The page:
Mozambique is a southern African nation whose long Indian Ocean coastline is dotted with popular beaches like Tofo, as well as offshore marine parks. Its population is 25 million and GDP per capita of USD 605.
Since independence in 1975, Mozambique’s health policies have promoted broad and equitable access to basic health services, and the majority of the population has access to basic health services. However, the system still struggles to reach some rural areas and provide high quality care, and the high burden of HIV, tuberculosis, and malaria creates intense pressure on the health care system. Mozambique’s health strategies aim to reduce prevalence, illness and death related to HIV and TB, and reduce malaria incidence and mortality. The country is successfully scaling up the number of patients on antiretroviral therapy, preventing mother-to-child transmission of HIV, providing targeted HIV prevention packages to key populations, and expanding access to treatment for first-line and multidrug-resistant tuberculosis. Mozambique is close to reaching universal access to malaria prevention with insecticide-treated net distribution campaigns and indoor residual spraying. Further investments in key components of the health system, such as human resources, data systems, and the supply-chain, are critical to ensure higher quality services and meet increasing demand.
AHO PRIORITIES FOR HEALTH DELIVERY PLAN IN MOZAMBIQUE
- Health monitoring.
- Integrated health information system.
- Prevention and control of vector-borne diseases.
- Health systems and services–reform process.
- Human resources development.
- Health and environment.
- Disasters and emergencies.
- Childhood illness.
- Health promotion.
- HIV/AIDS, STD, and TB.
- Food and nutrition security.
- Women, health, and development.
- Violence, gender, rehabilitation, and health of indigenous populations.
PROGRAMMES & PROJECTS
1. MANAGEMENT ACTIVITIES OF THE REPRESENTATIVE OFFICE
To develop and maintain adequate organizational conditions to ensure that technical cooperation processes are carried out efficiently and effectively, according to institutional standards and procedures.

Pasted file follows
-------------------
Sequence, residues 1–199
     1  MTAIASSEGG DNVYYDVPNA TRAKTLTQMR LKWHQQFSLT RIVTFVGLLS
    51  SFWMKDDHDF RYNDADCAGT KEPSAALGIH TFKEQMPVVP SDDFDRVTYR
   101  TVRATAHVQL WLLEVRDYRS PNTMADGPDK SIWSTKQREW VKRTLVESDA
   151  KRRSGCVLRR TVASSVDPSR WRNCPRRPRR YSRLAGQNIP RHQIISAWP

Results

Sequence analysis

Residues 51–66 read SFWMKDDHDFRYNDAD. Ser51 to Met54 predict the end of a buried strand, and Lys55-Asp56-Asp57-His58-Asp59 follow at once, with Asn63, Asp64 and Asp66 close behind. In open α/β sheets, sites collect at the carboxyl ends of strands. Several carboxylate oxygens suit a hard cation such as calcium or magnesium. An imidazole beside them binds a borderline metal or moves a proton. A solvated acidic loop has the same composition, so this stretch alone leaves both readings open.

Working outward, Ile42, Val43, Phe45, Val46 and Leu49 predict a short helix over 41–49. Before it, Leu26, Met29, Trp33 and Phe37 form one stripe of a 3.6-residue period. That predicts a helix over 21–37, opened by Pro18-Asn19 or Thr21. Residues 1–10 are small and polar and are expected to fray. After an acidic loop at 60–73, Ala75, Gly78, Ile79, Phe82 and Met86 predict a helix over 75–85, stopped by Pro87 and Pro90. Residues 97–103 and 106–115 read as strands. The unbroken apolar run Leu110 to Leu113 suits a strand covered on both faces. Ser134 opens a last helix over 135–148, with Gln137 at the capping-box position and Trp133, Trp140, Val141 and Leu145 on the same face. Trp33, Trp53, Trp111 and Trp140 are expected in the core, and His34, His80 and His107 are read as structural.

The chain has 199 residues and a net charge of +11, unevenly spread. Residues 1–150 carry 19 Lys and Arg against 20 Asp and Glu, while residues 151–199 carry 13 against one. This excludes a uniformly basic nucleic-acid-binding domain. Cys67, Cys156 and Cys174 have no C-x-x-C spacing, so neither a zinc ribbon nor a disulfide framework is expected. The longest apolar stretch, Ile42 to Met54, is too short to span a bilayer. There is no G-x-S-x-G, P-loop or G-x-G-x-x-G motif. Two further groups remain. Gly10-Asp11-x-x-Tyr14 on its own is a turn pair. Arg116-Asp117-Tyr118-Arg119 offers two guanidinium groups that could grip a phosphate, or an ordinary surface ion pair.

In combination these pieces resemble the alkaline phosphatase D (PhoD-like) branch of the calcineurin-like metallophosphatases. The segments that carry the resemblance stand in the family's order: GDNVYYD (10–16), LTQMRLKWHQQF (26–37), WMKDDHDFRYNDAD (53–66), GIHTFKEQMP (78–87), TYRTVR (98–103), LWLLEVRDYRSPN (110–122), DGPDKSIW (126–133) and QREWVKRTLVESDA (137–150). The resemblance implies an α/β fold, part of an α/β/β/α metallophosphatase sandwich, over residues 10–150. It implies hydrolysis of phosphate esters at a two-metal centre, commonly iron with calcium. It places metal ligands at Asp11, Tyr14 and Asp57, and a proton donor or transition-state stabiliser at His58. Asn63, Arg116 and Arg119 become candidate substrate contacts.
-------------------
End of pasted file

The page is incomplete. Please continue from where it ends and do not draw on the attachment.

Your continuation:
- Management standards and procedures of AHO applied adequately, making a satisfactory contribution to the development and strengthening of political, technical, and management processes.
2. FOOD AND NUTRITION
To promote inter-sectoral action and social participation in addressing FNS at the national and local levels
- Coordination established with other sectors and actors involved in the implementation of public policy related to FNS.
- Efforts to raise awareness undertaken to achieve equity in FNS.
- Educational models established for the adoption of healthy eating and lifestyles.
- Knowledge about food and nutrition increased.
- Food and nutrition content incorporated into other programs.
- Operating mechanisms established for implementing micronutrient projects.
3. HEALTH PROMOTION AND PROTECTION
To adopt health promotion principles when formulating and implementing projects and programs in health and development
- Departmental and municipal development committees created to apply the principles of health promotion.
- Priority projects and programs focused on health promotion designed and implemented
- Mass communication plans aimed at promoting healthy lifestyles, prepared at the municipal and departmental levels.
- Sexual and reproductive health of the population improved, and maternal and perinatal morbidity and mortality reduced.
4. ENVIRONMENTAL PROTECTION AND DEVELOPMENT
To consolidate national capacity to recognize, manage, and resolve the country’s environmental health problems, with emphasis on health promotion, surveillance, and the prevention and mitigation of disaster risks.
- Surveillance and control programs and activities in environmental health strengthened and sustained, especially those related to water quality.